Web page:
A ‘routine’ workplace accident

When an oil rig worker took a tumble down some stairs, it seemed a fairly ‘run-of-the-mill’ workplace accident.

Battered and bruised but still able to walk with the aid of cane, the Filipino-national was examined by a local doctor who recommended an MRI scan to ascertain whether there was any spinal damage.

This decision, along with the actions of Tangiers International in facilitating crucial surgery, prevented this worker from being left paralysed from the waist down.

The story of his assessment, treatment and recovery illustrates how medical professionals working in conjunction with Tangiers International can prevent a ‘routine’ accident turning into a devastating injury.

Tangiers International first became involved when it was instructed to handle the medical case management. A field agent flew out to the small island where the patient was based to oversee the treatment and ensure everything was proceeding smoothly.

However, due to the limited medical facilities on the island, it would be necessary to travel to Manila, capital of the Philippines, to undergo the MRI scan.

Flights arrangements were made and shortly afterwards the patient boarded a plane for Manila. He was met at arrivals by Tangiers case manager and Filipino-native Virgil Oria – a seasoned-pro at navigating local bureaucracy and healthcare provision.

Virgil along with fellow Tangiers case manager Nico Pierni ensured everything went as efficiently as possible in Manila, with travel plans and medical appointments organised in order to prevent unnecessary delays or inconveniences for the patient.

After meeting with the surgeon, the patient was taken for the MRI scan. When the results came in, however, it revealed that his injuries were far more severe that they had initially seemed.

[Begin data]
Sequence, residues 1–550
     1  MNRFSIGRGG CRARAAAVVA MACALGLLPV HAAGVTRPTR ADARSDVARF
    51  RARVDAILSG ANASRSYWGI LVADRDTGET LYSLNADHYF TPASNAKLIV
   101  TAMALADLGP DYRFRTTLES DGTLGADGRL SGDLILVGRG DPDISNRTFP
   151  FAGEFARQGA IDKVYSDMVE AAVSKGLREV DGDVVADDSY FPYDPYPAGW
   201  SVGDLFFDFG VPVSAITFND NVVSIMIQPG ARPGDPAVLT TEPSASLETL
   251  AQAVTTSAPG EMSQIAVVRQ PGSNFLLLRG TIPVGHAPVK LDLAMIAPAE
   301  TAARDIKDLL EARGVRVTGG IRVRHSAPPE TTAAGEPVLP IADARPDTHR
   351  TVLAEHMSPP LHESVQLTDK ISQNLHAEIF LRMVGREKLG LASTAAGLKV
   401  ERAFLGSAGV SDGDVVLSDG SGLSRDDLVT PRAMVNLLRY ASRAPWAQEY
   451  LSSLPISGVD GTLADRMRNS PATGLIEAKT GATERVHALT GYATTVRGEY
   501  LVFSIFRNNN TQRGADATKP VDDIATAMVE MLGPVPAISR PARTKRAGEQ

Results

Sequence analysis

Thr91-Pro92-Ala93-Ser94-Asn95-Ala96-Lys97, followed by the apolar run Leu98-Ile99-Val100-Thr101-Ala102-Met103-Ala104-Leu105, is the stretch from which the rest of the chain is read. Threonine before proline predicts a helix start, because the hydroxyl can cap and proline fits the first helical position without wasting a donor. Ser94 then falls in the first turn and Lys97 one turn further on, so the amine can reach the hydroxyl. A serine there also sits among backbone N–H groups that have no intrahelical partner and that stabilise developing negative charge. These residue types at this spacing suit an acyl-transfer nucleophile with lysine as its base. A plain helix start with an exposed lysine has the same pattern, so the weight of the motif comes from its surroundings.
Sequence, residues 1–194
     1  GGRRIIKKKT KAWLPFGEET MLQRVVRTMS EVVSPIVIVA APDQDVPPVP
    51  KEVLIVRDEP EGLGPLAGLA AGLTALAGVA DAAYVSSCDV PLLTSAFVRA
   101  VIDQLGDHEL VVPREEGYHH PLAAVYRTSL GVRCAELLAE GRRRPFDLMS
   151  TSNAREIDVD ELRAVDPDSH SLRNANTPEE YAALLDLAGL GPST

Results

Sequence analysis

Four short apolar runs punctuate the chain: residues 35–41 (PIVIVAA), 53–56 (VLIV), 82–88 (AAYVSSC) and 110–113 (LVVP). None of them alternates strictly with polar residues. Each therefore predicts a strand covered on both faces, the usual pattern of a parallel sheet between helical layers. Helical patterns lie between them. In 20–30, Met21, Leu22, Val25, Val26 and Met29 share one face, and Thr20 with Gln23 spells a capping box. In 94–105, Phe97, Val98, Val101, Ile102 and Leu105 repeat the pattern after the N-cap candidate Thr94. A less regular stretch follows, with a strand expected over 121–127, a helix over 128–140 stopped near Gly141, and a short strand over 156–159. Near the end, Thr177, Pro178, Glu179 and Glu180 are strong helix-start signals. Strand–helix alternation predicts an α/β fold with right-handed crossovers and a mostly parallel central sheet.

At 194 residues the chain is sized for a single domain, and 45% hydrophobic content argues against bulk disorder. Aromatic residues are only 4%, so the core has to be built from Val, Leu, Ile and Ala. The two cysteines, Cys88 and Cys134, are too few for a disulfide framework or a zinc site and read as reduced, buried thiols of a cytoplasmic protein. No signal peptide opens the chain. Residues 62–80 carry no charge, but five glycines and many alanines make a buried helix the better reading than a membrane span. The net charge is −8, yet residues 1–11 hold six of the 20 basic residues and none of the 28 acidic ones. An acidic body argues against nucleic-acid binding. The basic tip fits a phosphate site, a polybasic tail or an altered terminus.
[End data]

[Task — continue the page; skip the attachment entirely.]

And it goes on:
Virgil said: “The results of his MRI were presented and the doctor informed us that at any moment he could be paralysed because of this injury. Surgery was requested by the doctor immediately.”

But there was a problem.

The hospital required a guarantee of payment before it would authorise the operation, but this would take several days. For Tangiers’ case managers and the patient himself, this was a tricky situation – no one wanted to risk permanent damage to the spine and paralysis below the waist because of administrative protocol.

Fortunately, having people on the ground paid off yet again. Nico and Virgil spoke to the hospital’s accounts department and gave assurances that the bill would be settled in full – using their personal relationships with staff to ensure the patient’s health came first.

Three days after the assessment, the surgery was carried out successfully. The patient spent another three weeks undergoing physical therapy until it was determined by the orthopaedic surgeon that he was fit enough to return to work.

By being there in person, Tangiers was able to facilitate crucial treatment when it was most needed, reducing the risk that the patient’s injuries would develop into something much worse.

Tangiers International has more than 100 on-the-ground personnel covering 192 countries worldwide. When treatment is required, therefore, it has the ability to ensure it gets done.